Graeme Smith, South Africa's captain, feels that left-arm spinner Monty Panesar will face an "unbelievable amount of abuse" - some of it racist - from the vociferous Australian crowds as England defend the Ashes over the next two months.
Speaking to The Guardian in Cape Town, Smith, whose team had suffered racial abuse from a section of the crowd when they toured Australia last year, feared for Monty, a bearded Sikh who wears a black patka.
"I was chatting to some of our team just the other day and we all shivered at the prospect of what he could be in for," Smith said. "He is going to cop an unbelievable amount of abuse. I sincerely hope for everyone's sake, but especially his, that it isn't of a racist nature, but our own experience obviously leaves us with doubts.
"Hopefully Monty can become a bit of a folk hero. I can see how that might happen. But if he is selected instead of [Ashley] Giles at the beginning of the tour then the noise levels when he comes on to bowl, or even just fields the ball at mid-on, will be close to unbearable. I dread to think of him fielding on the boundary."
Smith says the South African team coped with the abuse by tackling it head-on and reported all instances.
"It was definitely the right move as far as we are concerned," he said. "Anyone can see in sport around the world that a zero-tolerance approach to racism is being adopted and that's the only way to go. We all understood the dangers of racist copycats, but to do nothing or say nothing in the hope that it would just go away would have been as bad as condoning it."
Smith and team-mate Shaun Pollock went public with the abuse after hearing the word 'kaffir' - a racist term used against black people in southern South Africa - being constantly shouted from the stands. "It wasn't hard to see how upset and angry the players were," Smith said. "Given what South African society was, where it has come from and where it is going, nobody wanted to stand aside and let that stuff happen."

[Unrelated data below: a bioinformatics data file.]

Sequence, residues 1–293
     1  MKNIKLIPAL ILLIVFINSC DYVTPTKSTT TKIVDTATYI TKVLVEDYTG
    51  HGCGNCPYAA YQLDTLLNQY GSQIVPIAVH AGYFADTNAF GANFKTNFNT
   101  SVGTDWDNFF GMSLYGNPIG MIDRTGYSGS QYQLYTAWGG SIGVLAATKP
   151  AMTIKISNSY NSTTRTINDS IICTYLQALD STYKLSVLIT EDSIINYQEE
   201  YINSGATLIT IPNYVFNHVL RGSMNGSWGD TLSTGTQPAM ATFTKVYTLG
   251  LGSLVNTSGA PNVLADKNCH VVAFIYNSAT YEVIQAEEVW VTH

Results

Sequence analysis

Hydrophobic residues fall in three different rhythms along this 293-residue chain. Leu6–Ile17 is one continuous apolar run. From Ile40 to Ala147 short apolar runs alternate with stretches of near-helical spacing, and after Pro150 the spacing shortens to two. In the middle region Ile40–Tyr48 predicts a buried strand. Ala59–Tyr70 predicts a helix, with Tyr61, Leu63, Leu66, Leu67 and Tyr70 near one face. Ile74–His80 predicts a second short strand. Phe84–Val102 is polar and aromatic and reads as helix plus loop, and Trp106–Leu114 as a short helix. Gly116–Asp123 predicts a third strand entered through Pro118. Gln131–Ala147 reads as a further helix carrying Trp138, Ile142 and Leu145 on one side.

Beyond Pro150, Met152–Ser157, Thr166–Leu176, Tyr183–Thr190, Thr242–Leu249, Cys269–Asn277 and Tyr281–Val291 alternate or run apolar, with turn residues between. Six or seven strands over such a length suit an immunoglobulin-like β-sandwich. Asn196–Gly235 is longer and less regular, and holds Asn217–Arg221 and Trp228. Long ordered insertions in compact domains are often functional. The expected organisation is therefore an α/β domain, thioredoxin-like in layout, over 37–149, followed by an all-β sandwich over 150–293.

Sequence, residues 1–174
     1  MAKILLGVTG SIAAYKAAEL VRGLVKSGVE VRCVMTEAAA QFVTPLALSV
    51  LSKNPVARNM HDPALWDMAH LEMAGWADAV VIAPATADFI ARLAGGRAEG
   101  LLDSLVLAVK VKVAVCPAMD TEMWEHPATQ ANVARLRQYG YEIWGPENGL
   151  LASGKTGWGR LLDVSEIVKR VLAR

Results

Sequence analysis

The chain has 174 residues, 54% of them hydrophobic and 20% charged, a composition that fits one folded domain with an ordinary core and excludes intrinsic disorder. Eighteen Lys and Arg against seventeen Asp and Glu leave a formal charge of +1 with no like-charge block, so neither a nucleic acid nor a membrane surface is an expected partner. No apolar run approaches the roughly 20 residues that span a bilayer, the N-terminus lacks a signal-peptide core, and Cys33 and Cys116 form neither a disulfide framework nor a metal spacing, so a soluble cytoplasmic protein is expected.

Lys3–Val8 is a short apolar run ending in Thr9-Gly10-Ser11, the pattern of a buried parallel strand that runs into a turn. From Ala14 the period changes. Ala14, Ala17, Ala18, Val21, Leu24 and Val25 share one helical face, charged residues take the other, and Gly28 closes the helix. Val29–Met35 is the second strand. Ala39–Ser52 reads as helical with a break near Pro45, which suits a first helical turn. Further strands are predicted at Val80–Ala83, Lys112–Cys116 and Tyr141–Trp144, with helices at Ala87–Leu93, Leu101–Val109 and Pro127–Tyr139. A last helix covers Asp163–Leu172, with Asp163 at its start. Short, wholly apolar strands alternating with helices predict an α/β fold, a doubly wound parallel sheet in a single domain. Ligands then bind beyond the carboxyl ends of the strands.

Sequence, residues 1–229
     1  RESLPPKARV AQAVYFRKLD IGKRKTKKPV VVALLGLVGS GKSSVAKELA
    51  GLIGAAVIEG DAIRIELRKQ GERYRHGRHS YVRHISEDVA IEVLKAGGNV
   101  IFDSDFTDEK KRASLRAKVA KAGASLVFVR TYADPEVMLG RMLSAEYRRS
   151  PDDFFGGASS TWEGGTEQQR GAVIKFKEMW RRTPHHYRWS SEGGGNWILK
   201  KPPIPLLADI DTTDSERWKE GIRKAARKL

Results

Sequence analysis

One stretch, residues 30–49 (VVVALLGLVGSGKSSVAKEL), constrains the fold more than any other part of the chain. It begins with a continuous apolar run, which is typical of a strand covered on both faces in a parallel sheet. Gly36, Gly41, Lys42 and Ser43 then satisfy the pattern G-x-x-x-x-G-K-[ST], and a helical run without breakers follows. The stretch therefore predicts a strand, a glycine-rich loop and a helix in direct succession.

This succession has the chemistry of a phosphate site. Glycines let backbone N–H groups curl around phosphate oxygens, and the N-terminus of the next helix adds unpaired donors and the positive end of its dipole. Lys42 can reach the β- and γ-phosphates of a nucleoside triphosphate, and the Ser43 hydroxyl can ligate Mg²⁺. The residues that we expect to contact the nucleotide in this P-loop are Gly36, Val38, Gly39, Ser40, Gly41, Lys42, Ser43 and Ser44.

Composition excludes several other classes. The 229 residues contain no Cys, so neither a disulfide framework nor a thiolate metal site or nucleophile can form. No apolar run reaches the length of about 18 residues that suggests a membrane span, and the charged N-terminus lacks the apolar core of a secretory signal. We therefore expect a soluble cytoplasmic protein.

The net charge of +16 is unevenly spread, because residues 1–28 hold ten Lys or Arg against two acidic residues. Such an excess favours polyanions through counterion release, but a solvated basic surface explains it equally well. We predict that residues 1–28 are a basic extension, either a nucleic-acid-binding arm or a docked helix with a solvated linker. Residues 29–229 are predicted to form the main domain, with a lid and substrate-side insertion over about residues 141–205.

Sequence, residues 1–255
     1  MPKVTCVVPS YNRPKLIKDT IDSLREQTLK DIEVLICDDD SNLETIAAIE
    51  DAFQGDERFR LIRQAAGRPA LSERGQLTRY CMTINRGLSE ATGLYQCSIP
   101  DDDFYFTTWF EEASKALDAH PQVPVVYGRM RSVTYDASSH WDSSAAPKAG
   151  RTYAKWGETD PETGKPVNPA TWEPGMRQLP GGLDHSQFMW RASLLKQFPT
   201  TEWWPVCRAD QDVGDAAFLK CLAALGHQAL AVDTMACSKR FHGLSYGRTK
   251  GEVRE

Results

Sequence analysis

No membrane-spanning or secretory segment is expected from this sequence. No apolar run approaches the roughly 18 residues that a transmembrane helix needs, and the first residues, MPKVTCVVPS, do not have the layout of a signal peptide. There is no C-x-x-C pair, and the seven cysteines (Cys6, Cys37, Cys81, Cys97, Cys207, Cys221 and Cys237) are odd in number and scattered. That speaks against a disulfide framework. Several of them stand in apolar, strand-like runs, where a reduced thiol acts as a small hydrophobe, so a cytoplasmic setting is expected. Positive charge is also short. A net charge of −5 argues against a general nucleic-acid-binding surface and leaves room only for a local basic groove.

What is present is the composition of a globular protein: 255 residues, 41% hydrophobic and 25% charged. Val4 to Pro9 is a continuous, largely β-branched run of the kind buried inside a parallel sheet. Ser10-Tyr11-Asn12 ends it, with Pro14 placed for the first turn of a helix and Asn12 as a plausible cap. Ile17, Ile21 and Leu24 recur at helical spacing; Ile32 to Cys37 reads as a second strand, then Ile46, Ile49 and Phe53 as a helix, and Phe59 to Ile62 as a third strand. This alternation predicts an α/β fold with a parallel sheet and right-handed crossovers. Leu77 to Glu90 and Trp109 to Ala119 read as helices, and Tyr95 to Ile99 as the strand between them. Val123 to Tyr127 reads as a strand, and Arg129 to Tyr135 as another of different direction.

The ICC has recommended lengthy bans for spectators caught racially abusing players, but Smith doesn't believe Panesar will find much encouragement from this. "It's good if they are fined or banned, or locked up would be better," Smith said. "But it won't help Monty or any other target for their rubbish. I just hope they are seriously well prepared for the worst eventuality. Then hopefully it won't happen."
Panesar has seen a psychologist to deal with the rigours of playing in Australia, a move that Glenn McGrath described as "soft" on a radio station. When asked about McGrath's comments, Panesar wasn't moved. "I heard about that," he conceded, "but I guess that's pre-Ashes [banter]. You just accept that as part of cricket. We had a brief chat about Australia, but it was a team thing, not on an individual basis. That's how it goes with cricket - you just accept it."